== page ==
TV brands have been adjusting their 2011 LCD TV business plans downward at a rapid pace, in acknowledgement of the fact that end-market demand is not what they had expected. However, TV brands and OEM/ODM makers are still planning to increase their Q3â€™11 production plans in order to meet demand for the upcoming holiday season. According the latest DisplaySearch MarketWise-LCD Industry Dynamics, the combined production plans for the top sixteen LCD TV brands will increase from 14.4 million in July to 16.9 million in August, and then 19.4 million in September. At the same time, LCD TV subcontract manufacturers (OEM/ODM) are planning to increase their production from 3.9 million in July to 4.7 million in August, and then 5.4 million units in September.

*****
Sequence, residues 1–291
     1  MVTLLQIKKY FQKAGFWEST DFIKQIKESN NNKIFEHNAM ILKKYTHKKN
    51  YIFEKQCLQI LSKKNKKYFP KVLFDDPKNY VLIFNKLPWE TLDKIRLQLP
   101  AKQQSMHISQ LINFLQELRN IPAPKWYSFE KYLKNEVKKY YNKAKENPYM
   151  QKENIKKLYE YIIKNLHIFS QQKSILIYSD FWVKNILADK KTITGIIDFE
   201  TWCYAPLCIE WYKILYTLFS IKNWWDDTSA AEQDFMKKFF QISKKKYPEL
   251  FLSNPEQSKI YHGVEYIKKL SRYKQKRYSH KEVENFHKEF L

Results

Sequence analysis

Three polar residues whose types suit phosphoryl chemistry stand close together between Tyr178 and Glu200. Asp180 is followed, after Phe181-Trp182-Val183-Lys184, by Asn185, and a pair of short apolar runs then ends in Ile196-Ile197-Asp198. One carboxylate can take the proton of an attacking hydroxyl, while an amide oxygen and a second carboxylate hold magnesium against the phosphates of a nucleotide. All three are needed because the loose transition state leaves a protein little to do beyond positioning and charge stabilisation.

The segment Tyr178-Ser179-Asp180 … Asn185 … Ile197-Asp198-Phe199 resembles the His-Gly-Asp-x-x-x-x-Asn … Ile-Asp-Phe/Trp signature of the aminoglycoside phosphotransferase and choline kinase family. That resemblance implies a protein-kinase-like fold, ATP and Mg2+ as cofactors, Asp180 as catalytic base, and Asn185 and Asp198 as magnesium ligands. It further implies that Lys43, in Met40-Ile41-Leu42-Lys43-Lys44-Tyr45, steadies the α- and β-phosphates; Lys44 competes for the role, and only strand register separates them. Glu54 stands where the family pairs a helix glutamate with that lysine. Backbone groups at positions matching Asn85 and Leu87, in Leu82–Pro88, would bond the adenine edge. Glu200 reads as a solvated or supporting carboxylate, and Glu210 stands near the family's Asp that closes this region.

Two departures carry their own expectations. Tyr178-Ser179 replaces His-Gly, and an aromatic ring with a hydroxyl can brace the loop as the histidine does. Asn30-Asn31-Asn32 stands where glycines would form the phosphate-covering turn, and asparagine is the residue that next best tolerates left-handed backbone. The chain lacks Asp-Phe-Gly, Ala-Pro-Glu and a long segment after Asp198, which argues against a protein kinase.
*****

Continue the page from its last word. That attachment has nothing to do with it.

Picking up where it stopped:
A couple of things to consider. Manufacture plans are more like goals. They want to reach a certain target, which could be units, revenues, profits, market share, etc. And behind these goals are people, who need to meet those goals for promotions, bonuses, a better job elsewhere, etc. Goals, as an aggregate, are necessarily more than what will eventually happen. That’s one.
Two, when you see something like, “LCD TV brands will increase from 14.4 million in July to 16.9 million in August, and then 19.4 million in September,” you have to be careful. What is incorrectly assumed in a statement like this is that the mixture of different sizes remain the same. Most likely it is not.
The economy the world over is struggling, except for the really rich, who sometimes benefit when economies struggle. Each day the middle class shrinks: the majority gets poorer, while a tiny portion gets richer. LCD TV brands know this, so the increase in production will have a slightly different mixture than before. My guess: there will be a lot more really cheap models, a bit more luxury models, and significantly less middle-of-the-road models.
So are LCD TV brands really increasing production? Should we think the economy is getting better? Should we expect great sales performance later this year? No, no, and no.